The Deputy Prime Minister of Montenegro, Dritan Abazović, assessed at the session of the Committee for Security and Defence of Montenegro that there is no need to make an apocalypse about the events in Cetinje, because the result was favourable for Montenegro, although bitter taste remained.
“In the future, we should all make the maximum contribution to increasing the level of tolerance in society,” said Abazović.
Citizens, he says, should know that the events of September 4 and 5 could have provoked large-scale conflicts that would spill over to other cities: “Peace has been preserved; a negative impression has remained because the religious rite could not be carried out peacefully and in a dignified manner.”
He says that Montenegro would not have reconciled for the next 30 years if something had happened to someone in Cetinje.
“There were tensions, there were interventions, but we can be satisfied from that aspect,” said Abazović, noting that the command did not go beyond the legal framework during the events.
The situation, he says, normalized during the week afternoon, and the most important thing is that the riots did not spread to other cities. He congratulated the members of the Police Directorate and the ANB on everything being done in a professional manner.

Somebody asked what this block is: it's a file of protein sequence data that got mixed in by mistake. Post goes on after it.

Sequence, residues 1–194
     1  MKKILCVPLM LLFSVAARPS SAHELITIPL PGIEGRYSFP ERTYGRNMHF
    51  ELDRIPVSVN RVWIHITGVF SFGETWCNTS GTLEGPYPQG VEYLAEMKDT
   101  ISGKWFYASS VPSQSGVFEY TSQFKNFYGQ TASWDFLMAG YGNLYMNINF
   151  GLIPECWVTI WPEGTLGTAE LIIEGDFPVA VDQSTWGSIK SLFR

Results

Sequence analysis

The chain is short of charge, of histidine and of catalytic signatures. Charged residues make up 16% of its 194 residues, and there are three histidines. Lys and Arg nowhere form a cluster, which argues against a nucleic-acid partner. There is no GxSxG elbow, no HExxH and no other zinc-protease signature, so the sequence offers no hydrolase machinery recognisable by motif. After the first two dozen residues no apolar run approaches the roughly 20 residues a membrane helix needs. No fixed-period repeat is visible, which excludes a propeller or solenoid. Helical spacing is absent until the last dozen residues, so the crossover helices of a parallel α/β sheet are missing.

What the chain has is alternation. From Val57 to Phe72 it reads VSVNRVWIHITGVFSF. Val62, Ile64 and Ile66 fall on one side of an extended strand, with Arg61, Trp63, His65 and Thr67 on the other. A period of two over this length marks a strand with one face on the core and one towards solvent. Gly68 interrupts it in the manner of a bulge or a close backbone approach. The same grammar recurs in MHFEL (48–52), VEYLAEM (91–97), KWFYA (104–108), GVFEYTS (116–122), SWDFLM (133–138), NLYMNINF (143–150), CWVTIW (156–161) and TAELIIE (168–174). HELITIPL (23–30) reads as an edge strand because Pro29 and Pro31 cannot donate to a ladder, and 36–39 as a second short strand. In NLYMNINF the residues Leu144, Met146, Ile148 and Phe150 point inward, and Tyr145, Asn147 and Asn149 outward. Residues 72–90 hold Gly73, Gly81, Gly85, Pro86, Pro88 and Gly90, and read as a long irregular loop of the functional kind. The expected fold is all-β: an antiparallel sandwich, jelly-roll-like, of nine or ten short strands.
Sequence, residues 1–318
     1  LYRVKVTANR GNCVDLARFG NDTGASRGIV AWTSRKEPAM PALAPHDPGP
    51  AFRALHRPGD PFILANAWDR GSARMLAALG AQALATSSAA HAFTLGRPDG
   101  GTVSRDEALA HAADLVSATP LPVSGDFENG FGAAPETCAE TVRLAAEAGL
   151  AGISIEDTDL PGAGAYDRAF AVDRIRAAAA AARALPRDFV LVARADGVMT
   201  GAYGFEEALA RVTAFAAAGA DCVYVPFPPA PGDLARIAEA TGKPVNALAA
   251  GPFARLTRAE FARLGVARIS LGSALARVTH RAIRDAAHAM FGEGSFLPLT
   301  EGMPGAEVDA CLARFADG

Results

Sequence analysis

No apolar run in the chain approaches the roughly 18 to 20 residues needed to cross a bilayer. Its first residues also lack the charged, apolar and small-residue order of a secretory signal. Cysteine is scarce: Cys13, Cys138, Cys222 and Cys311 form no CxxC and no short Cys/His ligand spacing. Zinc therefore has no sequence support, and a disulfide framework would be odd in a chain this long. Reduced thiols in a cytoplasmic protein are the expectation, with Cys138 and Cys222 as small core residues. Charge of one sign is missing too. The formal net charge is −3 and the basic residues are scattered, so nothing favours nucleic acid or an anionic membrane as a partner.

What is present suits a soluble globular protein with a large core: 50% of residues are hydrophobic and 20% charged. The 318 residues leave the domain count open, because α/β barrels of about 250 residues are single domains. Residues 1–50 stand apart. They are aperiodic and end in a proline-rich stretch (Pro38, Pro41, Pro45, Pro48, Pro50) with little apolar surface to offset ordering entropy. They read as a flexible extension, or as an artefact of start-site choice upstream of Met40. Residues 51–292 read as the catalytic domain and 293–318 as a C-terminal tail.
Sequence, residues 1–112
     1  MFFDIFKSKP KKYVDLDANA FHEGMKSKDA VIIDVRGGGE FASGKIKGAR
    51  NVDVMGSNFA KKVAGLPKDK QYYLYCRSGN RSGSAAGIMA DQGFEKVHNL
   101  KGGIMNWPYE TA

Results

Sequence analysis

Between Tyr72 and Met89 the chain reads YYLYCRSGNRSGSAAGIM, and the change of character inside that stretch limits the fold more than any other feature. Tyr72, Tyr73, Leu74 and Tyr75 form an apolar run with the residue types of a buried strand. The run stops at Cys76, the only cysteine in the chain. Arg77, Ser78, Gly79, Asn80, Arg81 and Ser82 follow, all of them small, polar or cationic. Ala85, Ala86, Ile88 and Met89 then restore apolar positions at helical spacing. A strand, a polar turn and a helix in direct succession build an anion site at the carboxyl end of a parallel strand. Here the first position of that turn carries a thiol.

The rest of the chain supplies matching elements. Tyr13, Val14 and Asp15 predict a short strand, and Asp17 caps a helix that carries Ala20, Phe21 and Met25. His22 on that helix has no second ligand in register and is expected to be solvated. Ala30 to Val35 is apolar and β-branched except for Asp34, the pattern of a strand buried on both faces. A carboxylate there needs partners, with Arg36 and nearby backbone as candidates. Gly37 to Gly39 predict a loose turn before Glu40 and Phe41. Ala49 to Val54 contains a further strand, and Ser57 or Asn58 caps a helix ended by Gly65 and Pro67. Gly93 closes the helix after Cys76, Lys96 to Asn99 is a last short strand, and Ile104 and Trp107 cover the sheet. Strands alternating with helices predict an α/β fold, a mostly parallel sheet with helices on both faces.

“I appeal to everyone not to encourage the atmosphere of division in Montenegro, this is the country of all of us and every collapse of it is to the detriment of all of us,” Abazović said.
Interior Minister Sergej Sekulović said that, since he was the head of the Ministry of the Interior, this was the riskiest operation that ended successfully.
“In general, the behaviour of the police was proportional, and the use of force was proportionate. Each individual case will be investigated for itself,” Sekulović said.
He believes that the events in Cetinje are a consequence of the bad political climate and the lack of political dialogue, and the conflict on several fronts that can lead to the loss of human lives.
Stating that his conscience is calm, Sekulović says that Montenegro can hardly be further divided like this: “I don’t care at all whether I will stay in this position, but I am worried about the fate of Montenegro.”
Defence Minister Olivera Injac agrees that media pressures have led Montenegrin citizens, or part of them, to feel an intense dose of insecurity.
She believes that attempts to misinform the public tend to create a very complex and unrealistic picture of reality.
Injac says that a military helicopter was used in Cetinje, not a NATO helicopter, which, as she said, was paid for by the citizens of Montenegro.
The President of the Committee, Milan Knežević, initiated the control hearing. At the session, the leaders of the security sector declared themselves regarding the actions in the events in Cetinje on September 4 and 5.